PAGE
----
Air suspension standard
Like the 7 Series, the 2019 X7 will have a two-axle air suspension standard on all trim levels and body height adjusts up or down 3.1 inches in total. By contrast, the base X5 has steel springs front and back. Also standard on the X7 is Dynamic Damper Control to sop up the road’s imperfections.
The big SUV has BMW’s Integral Active Steering (or X Steer). It felt vague in testing of the 7 Series sedan, and the sensation carries over into our first drive of the X7. It does its job holding a straight line well, but there is no excitement transmitted via the fingertips. It did feel more agile than the vehicles we tried with only two-wheel steering.
We applaud the differentiation between drive modes. Sport lowers the SUV by 0.4 inch, tightens the steering, and immediately raises the decibels on the engine sounds coming into the cabin. Body roll is noticeably reduced in Sport, but on bad stretches of road, the suspension is too stiff and rear-seat passengers feel the bumps the most. Put lids on those sippy cups.
Comfort mode did a much better job of smoothing out the chatter on uneven surfaces and sopping up the bigger bumps on bad pavement. Adaptive mode detects where and how you are driving and adjusts the throttle accordingly. In Eco Pro mode, the suspension stays in comfort, the throttle essentially goes dead, the vehicle finds its glide path and dials down the air conditioning. The dash graphics turn blue and show mpg and battery info—info you will want when a hybrid is added to the lineup.
All-wheel drive is rear-focused for better steering and cornering but it is a stretch to describe this huge SUV as playful. But the X7 was designed to go off-road. There are terrain modes for sand, gravel, and rock—but not snow. Active anti-roll bars and a limited-slip differential are optional. The off-road package includes more robust skid pads and rear axle lock. We tested the mettle in an off-road park where the X7 did surprisingly well on a packed mud course that articulated the wheels off the ground in places.
Expect a full suite of safety and driver assist systems that brake, steer, and accelerate, with a vibrating steering wheel to warn you when you drift out of the lane. Also likely to appear: an optional camera to monitor the driver’s eyes for signs of fatigue or inattention, especially with autonomous features.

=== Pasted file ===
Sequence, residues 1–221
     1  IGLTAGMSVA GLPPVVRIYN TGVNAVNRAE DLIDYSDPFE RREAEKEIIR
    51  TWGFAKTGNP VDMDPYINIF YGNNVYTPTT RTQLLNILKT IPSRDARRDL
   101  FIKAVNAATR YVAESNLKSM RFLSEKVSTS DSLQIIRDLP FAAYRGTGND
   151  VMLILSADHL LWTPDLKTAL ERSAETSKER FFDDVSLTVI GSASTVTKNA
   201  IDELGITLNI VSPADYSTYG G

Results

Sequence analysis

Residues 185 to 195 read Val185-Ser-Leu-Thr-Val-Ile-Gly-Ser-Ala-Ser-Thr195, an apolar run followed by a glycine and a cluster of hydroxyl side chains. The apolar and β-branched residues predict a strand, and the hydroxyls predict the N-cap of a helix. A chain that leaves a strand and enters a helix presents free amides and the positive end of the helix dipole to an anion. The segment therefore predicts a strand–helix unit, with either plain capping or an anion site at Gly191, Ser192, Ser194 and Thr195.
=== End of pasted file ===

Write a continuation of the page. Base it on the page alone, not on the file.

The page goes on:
Much of the interior was covered in felt on these prototypes. But in one top-end trim model the gear shift was exposed and, to our surprise, it was trimmed with Swarovski crystal. Also uncovered: the 12.3-inch digital instrument cluster and a second 12.3-inch touchscreen. The X7 has the latest iDrive, a new head up display, rear seat entertainment and connections for gamers and other devices. The sound for the turn signal comes out of the speakers, not the dash.
The X&’s front seats are exclusive to this model—fully adjustable, heated, cooled and offering a massage en route. The 7-passenger version has a bench in the second row, but those who opt for the six-passenger configuration get a second row with the front seats borrowed from the 8 Series, but wider and more comfortable. The third row is also exclusive to the X7, not surprising given this is the first true third row in the lineup. It works for adults but with little room to spare—best to keep the kids back there. And although the second row slides easily to crawl to the back, it is as awkward as every other three row in the segment. All seats can be folded up and down with buttons accessed from the back cargo loading area.
The X7 has a slick two-piece tailgate. Push a button to open just the top or customize it to open top and bottom simultaneously. It can also be opened with the swish of a foot under the rear bumper. Running boards are available and a standard panoramic sunroof provides sunlight for all three rows.
Exact dimensions have not been released but the X7 is about 201 inches long, 79 inches wide and 71 inches high. Weight is about 5,070 pounds. The most direct competition is the Mercedes-Benz GLS that is reaching the end of its lifecycle, the Audi Q7, the Infiniti QX80 which was recently refreshed, and the Lexus LX 570. Even though BMW does not see American automakers as competition, BMW should be wary of the new Lincoln Navigator. BMW expects some 7 Series customers will migrate to the X7, and some X5 buyers will trade up, but the target is conquest buyers.
We are a long way from learning pricing but the 7 Series will remain the priciest vehicle in the portfolio as long as it has the 601-hp 6.6-liter V-12. But if the day comes that the X7 gets the V-12, the price mantle could shift.